It’s the rare woman who doesn’t experience the occasional food craving: Yearning for chocolate, lollies or chips is a phenomena seen almost universally across cultures in women of child-bearing age, says Dr Marcia Pelchat, a retired sensory scientist who studied food cravings. (Men get off easier, with only two-thirds of them reporting cravings.)
What’s going on when you feel like you just gotta eat a certain something? Here are 6 messages that your cravings may be trying to send you.
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You’re getting a migraine.
Craving specific foods is typical in the first (aka “prodrome”) stage of a migraine, which occurs anywhere from a few minutes to three days before the actual head pain hits, says neurologist Dr Noah Rosen. Although you might have a hankering for something savoury or sweet, craving chocolate is especially common. In fact, it might explain why people often believe chocolate causes their migraines: If you indulge a craving for chocolate and then develop a headache, it’s natural to assume the chocolate triggered it. In reality, your craving might simply mean that the migraine was already underway.
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You have pre-diabetes or diabetes.
If you’re craving liquids to quench an increased thirst, talk to your doctor about getting your blood glucose levels checked. Excessive thirst often occurs in response to surplus sugar in the blood: Your body attempts to flush the excess glucose into the urine, which means you’ll need to pee more often than usual—and this in turn can cause dehydration, making you feel thirsty.
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Cravings rarely indicate a nutritional deficiency, says Pelchat, so forget the idea that you’re craving cheese because you need more calcium. That said, craving and compulsively chomping on ice cubes (aka pagophagia) is often a clue that someone has iron-deficient anemia. The reason is unclear—ice contains no iron—but research shows that ice chewing might increase alertness in people with iron-deficient anemia.
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Have a serious hankering for chips? You may be running low on fluids. “The body always strives for fluid balance and is pretty good at maintaining it,” says dietitian Leslie Bonci. But sometimes when fluids and electrolytes get out of whack, you can have a visceral response for a specific food or taste to help get you back on track. Craving chips make sense, since consuming adequate sodium is essential for fluid balance. A better pick, says Bonci, is to munch on a pickle, add soy sauce to some rice, or drink vegetable juice “to provide the salty taste without more waist.”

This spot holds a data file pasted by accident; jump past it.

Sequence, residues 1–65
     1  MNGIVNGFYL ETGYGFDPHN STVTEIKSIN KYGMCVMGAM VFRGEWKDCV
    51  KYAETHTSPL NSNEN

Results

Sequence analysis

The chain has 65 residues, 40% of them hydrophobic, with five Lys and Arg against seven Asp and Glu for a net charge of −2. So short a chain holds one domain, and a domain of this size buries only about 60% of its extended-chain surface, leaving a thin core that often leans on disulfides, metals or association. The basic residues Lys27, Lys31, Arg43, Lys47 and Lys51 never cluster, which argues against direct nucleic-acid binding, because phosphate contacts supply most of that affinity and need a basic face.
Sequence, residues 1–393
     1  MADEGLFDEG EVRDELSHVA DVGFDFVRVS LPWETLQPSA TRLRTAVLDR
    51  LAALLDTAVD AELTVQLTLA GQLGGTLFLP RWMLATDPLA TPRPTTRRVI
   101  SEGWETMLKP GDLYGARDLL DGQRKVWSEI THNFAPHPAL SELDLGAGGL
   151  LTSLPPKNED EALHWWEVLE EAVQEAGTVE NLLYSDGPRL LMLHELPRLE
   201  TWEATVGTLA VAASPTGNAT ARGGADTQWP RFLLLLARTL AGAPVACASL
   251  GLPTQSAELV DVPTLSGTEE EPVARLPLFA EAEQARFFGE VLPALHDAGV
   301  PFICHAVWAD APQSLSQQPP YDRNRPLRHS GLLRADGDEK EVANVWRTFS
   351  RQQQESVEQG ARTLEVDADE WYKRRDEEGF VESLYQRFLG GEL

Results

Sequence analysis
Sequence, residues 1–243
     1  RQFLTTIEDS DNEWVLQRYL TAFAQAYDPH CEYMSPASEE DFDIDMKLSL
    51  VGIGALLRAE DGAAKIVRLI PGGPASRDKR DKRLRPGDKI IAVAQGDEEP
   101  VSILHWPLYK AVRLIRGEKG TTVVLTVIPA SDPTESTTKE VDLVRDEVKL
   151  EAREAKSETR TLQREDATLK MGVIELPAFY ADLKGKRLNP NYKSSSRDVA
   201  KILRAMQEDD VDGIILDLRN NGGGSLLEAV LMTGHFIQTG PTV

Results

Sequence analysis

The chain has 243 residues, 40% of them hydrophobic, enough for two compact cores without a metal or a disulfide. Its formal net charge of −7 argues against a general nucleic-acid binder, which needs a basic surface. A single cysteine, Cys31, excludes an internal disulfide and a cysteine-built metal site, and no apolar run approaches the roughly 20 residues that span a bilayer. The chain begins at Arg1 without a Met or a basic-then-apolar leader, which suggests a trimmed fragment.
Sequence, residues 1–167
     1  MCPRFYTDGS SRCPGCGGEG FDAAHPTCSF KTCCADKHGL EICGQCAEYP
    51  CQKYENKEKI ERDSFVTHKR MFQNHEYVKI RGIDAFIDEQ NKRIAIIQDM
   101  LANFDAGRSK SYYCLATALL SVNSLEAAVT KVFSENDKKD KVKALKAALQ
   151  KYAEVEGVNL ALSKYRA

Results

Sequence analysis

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There’s growing evidence that too little sleep stimulates cravings for junk food. One study, which examined the brain regions that control food choices, discovered that a lack of slumber blunts the activity of areas required for complex judgments and decisions and increased activity in deeper brain centers that respond to rewards. In other words, you have a harder time making healthy choices and are more apt to give in to your desire for something tasty—even if you know it's bad for you.
“This combination of altered brain activity and decision-making may help explain why people who sleep less also tend to be overweight or obese,” says lead researcher Dr Matthew Walker. To avoid hankerings for chips, cookies and chocolate, aim to get at least 7 hours of sleep a night.
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You eat the same meals over and over again.
Variety isn’t just the spice of life—it may also be a way to keep food cravings at bay. That’s the finding of research Pelchat published in the journal Psychology & Behavior. In the study, men and women followed a diet that met all of their nutritional needs but consisted only of vanilla-flavoured nutrition shakes for every meal for five days. Compared to when they ate a varied diet, volunteers on this monotonous diet reported significantly more cravings—specifically for foods that differed in sensory quality from the one-note liquid diet.
The take-home advice from this research, says Pelchat is to mix it up at mealtime to stay satisfied. “Make sure meals aren’t just nutritious, but varied in texture and flavour.”
First published: 10 Aug 2017